Notice: Undefined variable: raticle_ordinal in /usr/home/dlamkins/public_html/lamkins-guitar/struct-links.phpi on line 25
http://lamkins-guitar.com/music/article/paradox-of-practice
David Lamkins picked up his first guitar a long time ago. As best he can recall the year was 1967: the year of the Summer of Love. Four decades later David has conjured up an amalgam of folk, rock and jazz solo guitar music for the occasional intimate Portland audience.
location: Portland, OR USA

Facets: goals, human nature, motivation, music theory, performance, philosophy, preparation, technique, @musings info
Loading...

The paradox of practice

I find that having a regular practice routine has both advantages and disadvantages. The advantage, of course, is that my technique, fluency and knowledge all improve over time. This is important. Without making some progress in what I'm able to play, I tend to stagnate in what I do play.

When I practice I like to work on chord voicings, fingerings, voice leading, and occasionally scales and rhythmic motifs. I also try to advance my comprehension of theory and terminology. I've been doing this for the past nine years since I started playing guitar after a two-decade layoff. The practice routine has paid off. I'm playing things now that I never would have imagined nine years ago.

But since this article is about the paradox of practice, here's the rub... The things I learn in my practice sessions actually make my playing worse for a while. It takes time to integrate new techniques into my playing, most of which is improvisational. I tend to play instinctively and enjoy taking chances with how I play during an improv session. The problem is that the new material and techniques have not yet become instinctive; there's a bit of a "gear shift" necessary to use something that I've practiced in the context of an improv session. After a while the new material becomes instinctive, but it takes time to "feel" the proper context in which to introduce a new idea.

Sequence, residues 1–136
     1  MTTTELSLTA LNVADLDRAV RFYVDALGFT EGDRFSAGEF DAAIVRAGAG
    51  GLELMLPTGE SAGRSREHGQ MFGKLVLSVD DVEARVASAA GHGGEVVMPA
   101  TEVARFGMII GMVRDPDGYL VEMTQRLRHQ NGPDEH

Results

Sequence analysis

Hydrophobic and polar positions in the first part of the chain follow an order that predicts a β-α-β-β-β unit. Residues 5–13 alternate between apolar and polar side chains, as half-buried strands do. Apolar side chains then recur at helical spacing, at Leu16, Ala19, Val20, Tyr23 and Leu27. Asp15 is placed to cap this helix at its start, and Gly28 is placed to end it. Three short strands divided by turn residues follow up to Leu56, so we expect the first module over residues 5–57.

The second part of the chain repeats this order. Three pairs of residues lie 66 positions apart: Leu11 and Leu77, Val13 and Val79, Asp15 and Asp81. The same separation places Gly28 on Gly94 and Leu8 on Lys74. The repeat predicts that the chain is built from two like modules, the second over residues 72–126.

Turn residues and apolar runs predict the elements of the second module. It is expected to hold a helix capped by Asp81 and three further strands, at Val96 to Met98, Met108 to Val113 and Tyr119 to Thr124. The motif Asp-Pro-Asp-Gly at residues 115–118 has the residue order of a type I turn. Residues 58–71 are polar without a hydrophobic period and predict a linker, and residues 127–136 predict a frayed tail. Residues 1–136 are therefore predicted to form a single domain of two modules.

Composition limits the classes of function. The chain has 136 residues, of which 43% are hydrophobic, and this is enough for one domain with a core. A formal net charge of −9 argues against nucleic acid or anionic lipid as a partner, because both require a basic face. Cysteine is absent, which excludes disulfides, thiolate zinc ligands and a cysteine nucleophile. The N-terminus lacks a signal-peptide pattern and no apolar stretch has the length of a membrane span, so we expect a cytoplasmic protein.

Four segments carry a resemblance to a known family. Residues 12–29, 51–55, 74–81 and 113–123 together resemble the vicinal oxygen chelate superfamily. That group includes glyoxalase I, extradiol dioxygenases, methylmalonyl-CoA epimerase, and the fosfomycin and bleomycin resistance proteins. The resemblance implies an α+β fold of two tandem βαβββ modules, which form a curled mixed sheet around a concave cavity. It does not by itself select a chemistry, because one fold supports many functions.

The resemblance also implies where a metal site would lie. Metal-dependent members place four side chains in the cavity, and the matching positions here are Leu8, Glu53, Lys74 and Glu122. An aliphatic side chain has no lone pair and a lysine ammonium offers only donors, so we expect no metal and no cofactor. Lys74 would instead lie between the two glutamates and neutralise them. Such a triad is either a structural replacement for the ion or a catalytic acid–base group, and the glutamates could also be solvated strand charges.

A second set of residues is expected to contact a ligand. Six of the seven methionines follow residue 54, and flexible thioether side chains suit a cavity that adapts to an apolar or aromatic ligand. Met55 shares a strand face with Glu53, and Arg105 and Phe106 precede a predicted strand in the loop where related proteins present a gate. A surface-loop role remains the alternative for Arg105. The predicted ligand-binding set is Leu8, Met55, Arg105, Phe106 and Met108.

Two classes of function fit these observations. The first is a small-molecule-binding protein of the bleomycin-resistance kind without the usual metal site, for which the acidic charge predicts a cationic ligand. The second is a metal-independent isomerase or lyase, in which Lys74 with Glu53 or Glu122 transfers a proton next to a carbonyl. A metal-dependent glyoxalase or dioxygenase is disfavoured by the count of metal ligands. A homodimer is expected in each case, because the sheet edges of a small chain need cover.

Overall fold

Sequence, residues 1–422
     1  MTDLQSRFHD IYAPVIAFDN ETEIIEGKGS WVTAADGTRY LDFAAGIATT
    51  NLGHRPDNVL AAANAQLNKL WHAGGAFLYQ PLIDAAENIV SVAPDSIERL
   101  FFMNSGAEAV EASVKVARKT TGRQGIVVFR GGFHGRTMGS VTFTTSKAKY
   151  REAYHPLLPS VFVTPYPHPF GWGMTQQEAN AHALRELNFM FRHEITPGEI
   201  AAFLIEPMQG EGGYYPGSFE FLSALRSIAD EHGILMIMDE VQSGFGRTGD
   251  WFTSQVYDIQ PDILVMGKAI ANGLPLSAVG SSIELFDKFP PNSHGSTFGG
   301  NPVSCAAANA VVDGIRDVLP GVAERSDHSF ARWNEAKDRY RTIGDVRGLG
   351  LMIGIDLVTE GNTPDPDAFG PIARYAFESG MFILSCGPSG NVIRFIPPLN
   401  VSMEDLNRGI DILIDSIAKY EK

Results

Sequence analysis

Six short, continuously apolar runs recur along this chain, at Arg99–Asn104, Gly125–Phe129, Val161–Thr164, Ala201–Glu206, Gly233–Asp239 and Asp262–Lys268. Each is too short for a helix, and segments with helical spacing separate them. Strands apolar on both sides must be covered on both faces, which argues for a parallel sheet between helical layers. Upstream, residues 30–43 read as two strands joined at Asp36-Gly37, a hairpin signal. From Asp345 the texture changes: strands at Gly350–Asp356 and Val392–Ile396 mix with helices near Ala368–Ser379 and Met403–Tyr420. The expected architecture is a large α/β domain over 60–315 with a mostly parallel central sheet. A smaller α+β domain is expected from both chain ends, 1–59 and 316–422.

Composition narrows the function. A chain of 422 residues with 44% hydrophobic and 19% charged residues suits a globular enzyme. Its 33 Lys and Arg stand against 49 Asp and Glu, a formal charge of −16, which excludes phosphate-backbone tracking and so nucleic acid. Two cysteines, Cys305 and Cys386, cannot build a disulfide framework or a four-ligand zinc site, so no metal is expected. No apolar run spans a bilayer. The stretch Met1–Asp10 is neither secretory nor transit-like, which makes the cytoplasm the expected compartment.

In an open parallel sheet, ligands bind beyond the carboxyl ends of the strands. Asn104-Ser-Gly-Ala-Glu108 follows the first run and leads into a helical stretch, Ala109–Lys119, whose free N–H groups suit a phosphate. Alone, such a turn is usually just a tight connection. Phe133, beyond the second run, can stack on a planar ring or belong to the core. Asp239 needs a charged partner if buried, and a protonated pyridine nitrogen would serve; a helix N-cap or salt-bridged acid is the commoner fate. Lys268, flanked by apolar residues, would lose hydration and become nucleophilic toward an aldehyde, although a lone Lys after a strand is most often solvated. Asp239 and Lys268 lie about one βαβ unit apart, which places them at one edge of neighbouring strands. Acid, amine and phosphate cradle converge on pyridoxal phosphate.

If I practice less, I tend to draw from the same set of ideas all of the time and my musical progress stagnates. But I play with more confidence because the material has had a chance to become part of my intuitive repertoire. Damned if you do, damned if you don't...

For years I had noticed that my playing improves incrementally. I'd have "breakthoughs" or "aha!" moments when least expected, followed by long "plateaus" where nothing changes or improves. As I began to practice with greater deliberation I noticed a corresponding improvement in my ability to execute. That alone was not enough to develop as a musician in the ways that I had intended.

There was still the issue of me not being able to imagine new material. Listening to other people takes one only so far. I know plenty of players who can play convincingly "in the style of" some other player, borrowing liberally - often literally - from the recorded catalog of some other musician's output. This seems to become a self-limiting process for many players. They develop a certain facility in a particular style and are loathe to break out of their comfort zone and explore something from a different genre or school of thought.

To counter this tendency in my own playing I try to set aside some time to deliberately break away from all the things I've studied and practiced. Musical performance depends upon muscle memory and habit. Breaking habits is difficult. One thing I've found helpful is to literally "grab" a handful of notes on the neck of the guitar using an unfamiliar or even uncomfortable grip, just to hear what happens. Surprisingly often this kind of exploration leads to an interesting exploration. I still have to step back into "analyze and repeat" mode in order to retain the new ideas. Sometimes I'll add a minute or so of a recorded example to my musical "scratchpad" journal.

December 07 2008 20:06:41 GMT